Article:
This photograph shows me doing something illegal. It seems innocent enough. There I am, a mild-mannered, middle-aged white guy, reading a book on the streets of Wellington, pretending to be shocked. But let there be no mistake. It was an unlawful act.
Specifically, the illegal act reflected in that photograph is that someone shared their copy of a banned book with me. Yes, it’s true. They shared a book with me, and I read it.
This clearly represents a total breakdown in society. Today, people are passing around books. Tomorrow, they’ll be rampaging through the streets in criminal gangs, hurling library books like Molotov cocktails. Hide your children. Lock your doors. Draw the curtains. The dangerous, book-wielding maniacs are on the loose.
The book ban in New Zealand
Right now it is illegal for anyone in New Zealand to lend, distribute or exhibit Ted Dawe’s book ‘Into the River.’ Yes, welcome to this tiny South Pacific paradise. You thought we were a modern, Western nation? Guess again. We’re clearly a bunch of book banning yahoos.
If the ban on ‘Into the River’ is breached, individuals face a fine of NZ$3,000 and companies of NZ$10,000. I have been told that even allowing someone to read the book over your shoulder could lead to a fine of NZ$1,000.
For context, and to show that New Zealand got class, I should point out that before ‘Into the River’ was banned it was awarded the Margaret Mahy Book of the Year prize and also won the top prize in the Young Adult Fiction category at the 2013 New Zealand Post Children’s Book Awards.
The book is a coming-of-age story set in New Zealand and it’s intended for a young adult audience. It’s got some drugs, sex, and swear words in it. (I haven’t read it myself yet. I can’t get a copy of my own because, well, it’s banned.) The book is noted especially for appealing to young Maori and Pasifika boys.
So what do we do in this island nation when there’s an award-winning, local book that boys like to read? Well, we ban it of course. Boys read enough already.
Besides, we don’t need novels that speak to boys and reflect their lives. There’s plenty of stuff for them to read on the internet. Nothing bad there.
The criminal photo
The photo above – the one of me doing something illegal – was taken at a protest against the banning of ‘Into the River’. It was a silent reading of the book on a Wellington street, in front of the best bookstore in the world, Unity Books. About 20 or so of us stood there and read. That was all. We read.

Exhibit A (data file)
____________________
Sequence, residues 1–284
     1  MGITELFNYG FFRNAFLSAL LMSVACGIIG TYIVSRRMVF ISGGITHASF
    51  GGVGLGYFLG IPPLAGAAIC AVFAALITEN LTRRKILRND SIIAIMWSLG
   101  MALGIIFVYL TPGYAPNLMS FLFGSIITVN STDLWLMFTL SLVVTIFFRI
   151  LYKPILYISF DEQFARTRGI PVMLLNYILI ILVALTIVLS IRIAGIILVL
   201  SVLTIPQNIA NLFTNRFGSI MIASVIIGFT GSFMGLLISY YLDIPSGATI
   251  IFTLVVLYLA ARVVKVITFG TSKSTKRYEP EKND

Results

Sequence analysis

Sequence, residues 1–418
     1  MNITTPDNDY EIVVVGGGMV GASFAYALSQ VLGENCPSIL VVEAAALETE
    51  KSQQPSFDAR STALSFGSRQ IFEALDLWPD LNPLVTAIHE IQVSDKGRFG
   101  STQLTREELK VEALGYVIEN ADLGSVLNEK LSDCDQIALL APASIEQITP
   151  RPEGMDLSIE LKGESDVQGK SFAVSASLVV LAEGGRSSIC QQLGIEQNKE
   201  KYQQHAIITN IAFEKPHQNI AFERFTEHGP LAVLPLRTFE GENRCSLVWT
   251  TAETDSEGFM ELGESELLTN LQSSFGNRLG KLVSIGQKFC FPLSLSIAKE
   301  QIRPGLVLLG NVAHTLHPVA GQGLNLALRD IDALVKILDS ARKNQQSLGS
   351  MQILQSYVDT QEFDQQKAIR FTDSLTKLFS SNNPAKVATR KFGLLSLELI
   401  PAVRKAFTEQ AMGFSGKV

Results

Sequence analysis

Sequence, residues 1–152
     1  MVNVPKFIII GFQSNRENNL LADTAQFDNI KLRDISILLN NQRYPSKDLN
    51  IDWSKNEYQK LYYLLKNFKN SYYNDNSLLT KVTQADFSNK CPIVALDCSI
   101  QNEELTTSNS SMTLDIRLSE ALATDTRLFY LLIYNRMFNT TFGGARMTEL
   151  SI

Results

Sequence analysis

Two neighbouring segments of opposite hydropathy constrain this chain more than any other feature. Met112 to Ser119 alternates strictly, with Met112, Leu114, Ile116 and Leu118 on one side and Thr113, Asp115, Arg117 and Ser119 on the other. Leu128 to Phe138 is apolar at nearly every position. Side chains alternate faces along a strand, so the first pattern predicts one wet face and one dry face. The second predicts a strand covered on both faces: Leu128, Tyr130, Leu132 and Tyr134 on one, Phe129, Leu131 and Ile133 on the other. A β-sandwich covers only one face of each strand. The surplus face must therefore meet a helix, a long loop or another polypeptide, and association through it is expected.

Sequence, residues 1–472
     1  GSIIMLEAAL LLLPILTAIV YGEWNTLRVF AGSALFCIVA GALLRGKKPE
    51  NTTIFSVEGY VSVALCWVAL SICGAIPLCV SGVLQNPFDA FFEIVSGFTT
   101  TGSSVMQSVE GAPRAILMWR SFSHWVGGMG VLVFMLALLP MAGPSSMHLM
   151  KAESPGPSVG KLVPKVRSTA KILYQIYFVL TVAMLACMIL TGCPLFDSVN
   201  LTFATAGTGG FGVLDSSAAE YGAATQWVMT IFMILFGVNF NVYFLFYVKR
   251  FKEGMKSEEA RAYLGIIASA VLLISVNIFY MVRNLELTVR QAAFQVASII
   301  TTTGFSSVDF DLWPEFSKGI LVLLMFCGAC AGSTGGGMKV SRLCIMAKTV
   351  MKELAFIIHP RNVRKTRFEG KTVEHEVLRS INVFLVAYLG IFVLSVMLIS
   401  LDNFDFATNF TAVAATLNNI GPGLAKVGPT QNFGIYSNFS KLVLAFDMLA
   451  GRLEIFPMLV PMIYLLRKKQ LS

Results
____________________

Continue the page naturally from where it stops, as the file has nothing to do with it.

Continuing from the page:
Those of us who had pre-ban copies of ‘Into the River’ read that. I brought my copy of Grapes of Wrath to read, which was banned in 1939 in some parts of the States. (I tried to get a copy of ‘Into the River’ but I couldn’t because, well, it’s been banned.)
It was a silent reading because it would have been illegal to read ‘Into the River’ out loud. Did you get that? It’s unlawful to read the book aloud! This is madness. It’s like being told, “Don’t you dare sing that song. It will turn people into heffalumps.”
So we stood around and read silently and talked, and eventually we started taking pictures. I asked the woman next to me, who was reading a copy of ‘Into the River,’ if I could get a picture of me reading it. She didn’t want any photographs of her, but she let me get a picture.
That was when the corrupt, immoral, and depraved thing happened. That was when she actually handed a copy of a book to me.
I held it just long enough to read a few lines and take the picture. Then I handed it back. I don’t even know the woman who let me borrow it. I talked to her only briefly. I wouldn’t be able to spot her in a lineup, and I hope to God that I’ll never be asked to do so.
Let me pause for a moment here and point out that, at this moment, writing this, I am not certain that I won’t be asked to identify her. That may sound like crazy talk. I mean really, would authorities’ in New Zealand really ask me to identify that woman? Who knows? I’m not certain of anything anymore. A book has been banned. Suddenly it feels like all bets are off.
And here is something else. To be honest, I am more than a little bit uncomfortable with publishing this post and clarifying that it wasn’t my copy. It makes me uneasy. What will happen? Anything? Will I be fined heavily for breaking the law? Will I be asked to identify the dangerous, criminal woman who shared her book with me? I don’t know.
Do I really live in such a mad country that publishing a picture of me reading a borrowed, prize-winning book on the street of the capital makes me nervous?
Yes. I do.
Yes, I live in that place.
And that makes me terribly sad.